Kibale National Park contains one of the loveliest and most varied tracts of tropical forest in Uganda. There are 325 bird species found in the park including 6 that are endemic to the Albertine Rift region, namely black-capped apalis, blue-headed sunbird, collared apalis, dusky crimsonwing, purple-breasted sunbird and red-faced woodland warbler. Other species include the African pitta, green breasted pitta, black bee-eater, yellow spotted nicator, yellow rumped tinker bird, little Greenbul, black-eared ground thrush, brownchested alethe, blue-breasted kingfisher, Abyssinian ground thrush, and the crowned eagle.
Kibale Forest National Park is one of the rewarding destinations for travelers interested in forest birds. Though the park is most famous for primate safaris, it is also a birders’ paradise given the interesting bird checklist it holds! Birding can be best done in the Bigodi Wetland Sanctuary that is found some 5 km from the Kibale Forest National Park on the road to Kamwenge.
Birding is a major activity around the swamp with paths cut and areas of the swamp board walked to give access to areas of the swamp that would be otherwise inaccessible. Several tree houses have also been constructed to give vantage over the swamp. Species for Bigodi include White Spotted Crake, Great Blue Turaco and Black Billed Turaco.
Bird watching safaris start by 7 am at Kanyanchu and you are advised to book in advance. The rare species here include; the white winged warbler, the papyrus Gonolex, the white collared olive back and the papyrus Canary.
The wetland is located outside the park and is home to 138 bird species that may be seen during the guided walks along the broad walk trail and seeing platforms. These could include; the white spotted flufftail, Yellow-spotted Barbet, Hairy-breasted Barbet, Yellow-billed Barbet, Western Nicator, Grey-winged Robin-chat, White-tailed Ant-thrush, Brown-backed Scrub-robin, Black-and-white Shrike-flycatcher, Brown-throated Wattle-eye, Superb Sunbird, Brown-crowned Tchagra, Bocage’s Bush-shrike, Black Bishop, White-breasted Negrofinch and Black-crowned Waxbill among others.
Covering a total mass of 560 sq. km, the forest of Kibale is filled with a dense verdant forest with in the north that offers way to the medium altitude damp, ever green, the semi deciduous forest in the south and together covering about 77% of the total land mass. The rest of 23% consists of lots of plantations having exotic conifers, grassland and the swamps.
All the reserves serve as a diversity of habitants to many species of birds that live in the park. Kibale National park is a wide national park that shelters a huge chunk of rain forest and the swamps that support the diversity of flora and animal life. With the swamps, tropical rain forest as well as the charming diversity, this is one of the very attractive and striking forests in Uganda. More so to the variety and number of primates that live with in this forest, it prides in a diversity of bird species.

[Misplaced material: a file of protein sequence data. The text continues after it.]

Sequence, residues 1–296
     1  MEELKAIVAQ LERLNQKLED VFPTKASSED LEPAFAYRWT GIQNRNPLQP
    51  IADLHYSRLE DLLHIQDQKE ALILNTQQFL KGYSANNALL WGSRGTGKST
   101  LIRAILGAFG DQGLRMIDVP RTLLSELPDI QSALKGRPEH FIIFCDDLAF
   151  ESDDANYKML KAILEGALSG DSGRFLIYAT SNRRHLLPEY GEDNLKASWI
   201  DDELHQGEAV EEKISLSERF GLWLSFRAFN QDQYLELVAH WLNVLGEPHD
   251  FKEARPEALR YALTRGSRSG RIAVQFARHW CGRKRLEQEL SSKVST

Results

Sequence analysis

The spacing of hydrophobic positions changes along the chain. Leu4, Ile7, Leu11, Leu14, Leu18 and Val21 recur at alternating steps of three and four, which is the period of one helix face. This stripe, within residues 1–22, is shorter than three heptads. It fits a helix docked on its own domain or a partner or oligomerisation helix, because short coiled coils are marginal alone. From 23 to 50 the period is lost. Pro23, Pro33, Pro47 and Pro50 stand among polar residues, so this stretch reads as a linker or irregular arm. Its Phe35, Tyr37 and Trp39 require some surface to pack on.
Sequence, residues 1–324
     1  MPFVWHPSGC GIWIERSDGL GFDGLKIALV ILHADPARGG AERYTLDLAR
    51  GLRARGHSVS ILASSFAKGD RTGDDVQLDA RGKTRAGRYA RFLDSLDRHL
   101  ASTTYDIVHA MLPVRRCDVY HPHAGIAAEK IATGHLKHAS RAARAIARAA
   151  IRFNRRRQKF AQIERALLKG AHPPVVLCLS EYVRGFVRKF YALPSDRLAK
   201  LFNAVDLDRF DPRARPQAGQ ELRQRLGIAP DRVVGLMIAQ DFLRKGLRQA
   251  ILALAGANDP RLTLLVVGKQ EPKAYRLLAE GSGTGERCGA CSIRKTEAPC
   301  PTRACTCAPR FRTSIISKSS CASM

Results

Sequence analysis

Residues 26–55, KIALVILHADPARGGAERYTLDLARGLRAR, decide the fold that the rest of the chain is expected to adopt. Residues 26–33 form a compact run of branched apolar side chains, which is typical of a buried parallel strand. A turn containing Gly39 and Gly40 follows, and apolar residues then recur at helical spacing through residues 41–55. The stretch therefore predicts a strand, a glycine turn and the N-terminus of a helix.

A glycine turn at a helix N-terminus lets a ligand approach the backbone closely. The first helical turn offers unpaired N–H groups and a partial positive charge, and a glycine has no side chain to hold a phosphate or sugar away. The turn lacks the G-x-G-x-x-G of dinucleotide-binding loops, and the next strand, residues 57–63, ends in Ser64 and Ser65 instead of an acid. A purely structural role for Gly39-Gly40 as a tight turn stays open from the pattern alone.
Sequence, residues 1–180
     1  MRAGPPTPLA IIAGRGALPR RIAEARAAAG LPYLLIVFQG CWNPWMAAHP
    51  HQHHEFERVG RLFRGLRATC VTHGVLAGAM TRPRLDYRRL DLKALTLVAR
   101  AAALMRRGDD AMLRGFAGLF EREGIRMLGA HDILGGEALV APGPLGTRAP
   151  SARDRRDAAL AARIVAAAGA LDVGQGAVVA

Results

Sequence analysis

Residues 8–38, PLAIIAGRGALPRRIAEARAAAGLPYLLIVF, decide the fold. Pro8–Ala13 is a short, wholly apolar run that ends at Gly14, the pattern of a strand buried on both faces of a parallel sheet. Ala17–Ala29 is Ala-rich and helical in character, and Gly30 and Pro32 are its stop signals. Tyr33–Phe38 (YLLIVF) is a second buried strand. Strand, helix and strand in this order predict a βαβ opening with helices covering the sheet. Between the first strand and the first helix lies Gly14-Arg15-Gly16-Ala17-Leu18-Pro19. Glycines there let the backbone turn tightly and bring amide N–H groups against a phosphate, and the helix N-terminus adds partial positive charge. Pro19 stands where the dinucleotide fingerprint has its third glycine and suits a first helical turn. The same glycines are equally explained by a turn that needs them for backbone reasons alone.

There are 82 species of the Guinea Congo forest biome and 32 species of the Afro tropical highland biome in addition to some of the uncommon species that are found in the highland areas. Among these species includes; Bar-tailed Trogon plus the Fine-banded woodpecker, Red-faced Crimson-wing plus the White-bellied Crested Flycatcher. The park in addition supports 5 of the 32 constrained range species within Uganda, as well as 5 of the twelve Ugandan species belonging to the Lake Victoria-biome.
And among the species that bird watchers should watch for while in Kibale forest National Park, is the Nahan’s francolin that is considered endangered species living in 3 additional forest reserves, on the other hand, this forest ground thrush has been recorded in 2 other IBAs. The other species include; Black bee-eater, Gree-breated Pitta, Yellow-spotted Nictor, White-thighed hornbilland, Yellow- ramped Tinker bird, the African Pitta as well as the Little Greenbul.
Bird watching trips within the park begin at 7am local time at Kanyanchu and visitors are recommended too book these birding tours in advance. Uncommon species to look out for within this park are: the Papyrus Canary, Papyrus Gonolek, White-collared Olive back as well as the White-winged Warbler.
The sanctuary is located just on the exterior of the park and is habitant to 138 species of birds which can best viewed through the many guided walks that are conducted along the board walk trail and on the viewing platforms. And among these species in the swamp includes; the Black-crowned Waxbill, White-spotted Flufftail, White-breasted Negrofinch, Yellow-spotted Barbet, Black Bishop, Hairy-breasted Barbet, Bocage’s Bush-shrike, Yellow-billed Barbet, Brown-crowned Tchagra, Black & white Shrike-flycatcher, Western Nicator, Superb Sunbird, Grey-winged Robin-chat, Brown-throated Wattle-eye, White-tailed Ant-thrush plus the Brown-backed Scrub-robin, in addition to many other species.